Definition of a Root Cause
Standard Root Cause Definition
• • •
One might take it for granted that everyone can define the term “root cause.”
If asked, most people would have a definition. But these definitions would vary. There is no standard definition.
Therefore, a basic problem in root cause analysis is that people don’t even agree on the definition of “root cause.”
So what is our definition?
The most basic cause (or causes)
that can reasonably be identified t
hat management has control to fix
and, when fixed, will prevent
(or significantly reduce the likelihood of)
the problem’s recurrence.
David Busch and I started developing this definition in 1985. We quickly found that not everyone would agree with this definition. However, several key ideas sprung from the definition that became the bedrock upon which the TapRooT® System was built (and from which many other definitions were developed).
First, when one finds a root cause, one has found something that management can fix that will prevent the problem’s recurrence. This is a key because it keeps one looking until a fixable solution can be found.
Second, the definition targets problems that are within management’s grasp to fix. For example, one might say that the root cause of a fall is gravity. This would not be a root cause by this definition because management can’t fix gravity.
Third, the definition helps answer the always troubling question of how much investigative effort is enough. This question really comes down to a trade-off between a “reasonable” effort (usually defined as the least possible effort) and finding the “most basic” cause(s) (sometimes seen as a never-ending quest if people can’t agree on the definition of a “basic cause”). The final arbitrator between these two competing priorities (timeliness and completeness) is the requirement to find the fixable causes of an incident that, when corrected, will prevent the incident’s recurrence. Therefore, an investigator has expended a “reasonable” effort if one has identified the fixable causes of an incident.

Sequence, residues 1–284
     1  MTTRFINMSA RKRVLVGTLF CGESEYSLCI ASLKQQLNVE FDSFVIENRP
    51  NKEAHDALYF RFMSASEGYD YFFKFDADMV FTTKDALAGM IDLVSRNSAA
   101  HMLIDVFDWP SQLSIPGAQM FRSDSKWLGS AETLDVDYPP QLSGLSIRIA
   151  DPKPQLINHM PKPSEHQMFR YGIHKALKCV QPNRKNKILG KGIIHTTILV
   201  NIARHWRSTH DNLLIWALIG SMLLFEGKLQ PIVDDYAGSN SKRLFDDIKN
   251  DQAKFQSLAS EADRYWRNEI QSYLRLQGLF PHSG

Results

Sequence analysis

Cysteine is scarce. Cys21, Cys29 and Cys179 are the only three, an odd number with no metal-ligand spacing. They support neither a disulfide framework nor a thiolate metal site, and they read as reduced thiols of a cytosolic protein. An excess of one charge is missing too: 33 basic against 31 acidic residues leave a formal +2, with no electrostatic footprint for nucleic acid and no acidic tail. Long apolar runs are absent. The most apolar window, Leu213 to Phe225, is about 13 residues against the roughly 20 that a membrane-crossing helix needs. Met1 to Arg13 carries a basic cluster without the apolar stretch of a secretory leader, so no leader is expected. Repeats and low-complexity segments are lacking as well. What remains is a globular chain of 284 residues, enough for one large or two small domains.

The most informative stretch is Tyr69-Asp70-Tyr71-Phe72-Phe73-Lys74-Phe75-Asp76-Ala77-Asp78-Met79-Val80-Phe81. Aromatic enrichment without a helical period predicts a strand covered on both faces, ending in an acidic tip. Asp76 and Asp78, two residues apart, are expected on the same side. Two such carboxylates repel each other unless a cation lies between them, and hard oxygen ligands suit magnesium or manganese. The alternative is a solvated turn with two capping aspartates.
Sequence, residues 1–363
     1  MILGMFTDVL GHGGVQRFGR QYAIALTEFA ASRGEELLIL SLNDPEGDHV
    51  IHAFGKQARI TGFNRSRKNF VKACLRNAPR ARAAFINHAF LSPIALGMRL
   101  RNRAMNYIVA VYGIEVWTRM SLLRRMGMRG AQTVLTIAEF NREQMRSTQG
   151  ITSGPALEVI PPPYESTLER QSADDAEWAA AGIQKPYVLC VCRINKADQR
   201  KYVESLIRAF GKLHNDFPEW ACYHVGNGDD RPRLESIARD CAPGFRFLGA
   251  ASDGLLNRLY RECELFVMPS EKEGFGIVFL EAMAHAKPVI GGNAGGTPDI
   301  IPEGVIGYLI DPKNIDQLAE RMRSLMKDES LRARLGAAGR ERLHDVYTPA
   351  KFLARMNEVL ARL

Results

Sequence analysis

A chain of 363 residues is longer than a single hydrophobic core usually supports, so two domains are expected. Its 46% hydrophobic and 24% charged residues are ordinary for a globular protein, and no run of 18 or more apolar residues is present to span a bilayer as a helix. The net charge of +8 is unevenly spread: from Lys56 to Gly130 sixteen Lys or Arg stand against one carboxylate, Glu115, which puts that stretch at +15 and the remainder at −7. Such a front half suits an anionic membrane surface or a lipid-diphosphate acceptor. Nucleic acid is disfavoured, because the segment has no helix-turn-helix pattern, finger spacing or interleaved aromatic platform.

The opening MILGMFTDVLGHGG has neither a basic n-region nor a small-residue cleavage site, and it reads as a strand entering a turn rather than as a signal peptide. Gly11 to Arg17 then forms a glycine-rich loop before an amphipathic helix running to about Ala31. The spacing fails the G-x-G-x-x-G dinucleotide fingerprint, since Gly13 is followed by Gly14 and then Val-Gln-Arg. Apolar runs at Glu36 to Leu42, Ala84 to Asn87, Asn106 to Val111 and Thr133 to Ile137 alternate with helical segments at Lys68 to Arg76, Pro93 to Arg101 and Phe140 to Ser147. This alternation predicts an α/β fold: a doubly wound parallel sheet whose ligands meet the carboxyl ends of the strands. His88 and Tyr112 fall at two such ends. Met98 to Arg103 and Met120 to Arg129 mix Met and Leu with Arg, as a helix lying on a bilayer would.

Fourth, the definition implies that a problem may have more than one root cause. In our early experience investigating and reviewing hundreds of incidents we found that, on average, incidents had two to three root causes per simple incident (a simple incident is one with one or two causal factors). In our experience with more complex incidents in more complex systems (with multiple safeguards and multiple causal factors in the incident), we often found 10 or more root causes (things that can be improved) in a single, complex incident.
Allowing for multiple root causes stops arguments over which cause is the “rootiest” of the root causes. Any cause for a problem that fits the definition is one of the problem’s root causes. This is true even if the cause only made the problem worse or more likely.
Our definition is a jumping off point in the search for a tool that will help a problem solver find fixable root causes. The definition is helpful in the search for root causes, but it is not sufficient. So we had to do more than just develop a definition. We had to develop a system to find root causes.
From the First Definition to Advanced Root Cause Analysis
The definition started the development of the advanced root cause analysis tool: the TapRooT® System and the “secret sauce” of that tool, the Root Cause Tree®.
The Root Cause Tree® gives an investigator an operational definition of “What is a root cause?”
Thus, the definition becomes less important when you have a tool that can help you consistently meet the goals of the definition – stopping problems from recurring by implementing successful corrective actions.
If you are ready to read about a more up-to-date definition of a root cause, see this link:
And if you want to learn more about the fundamentals of root cause analysis, see this link: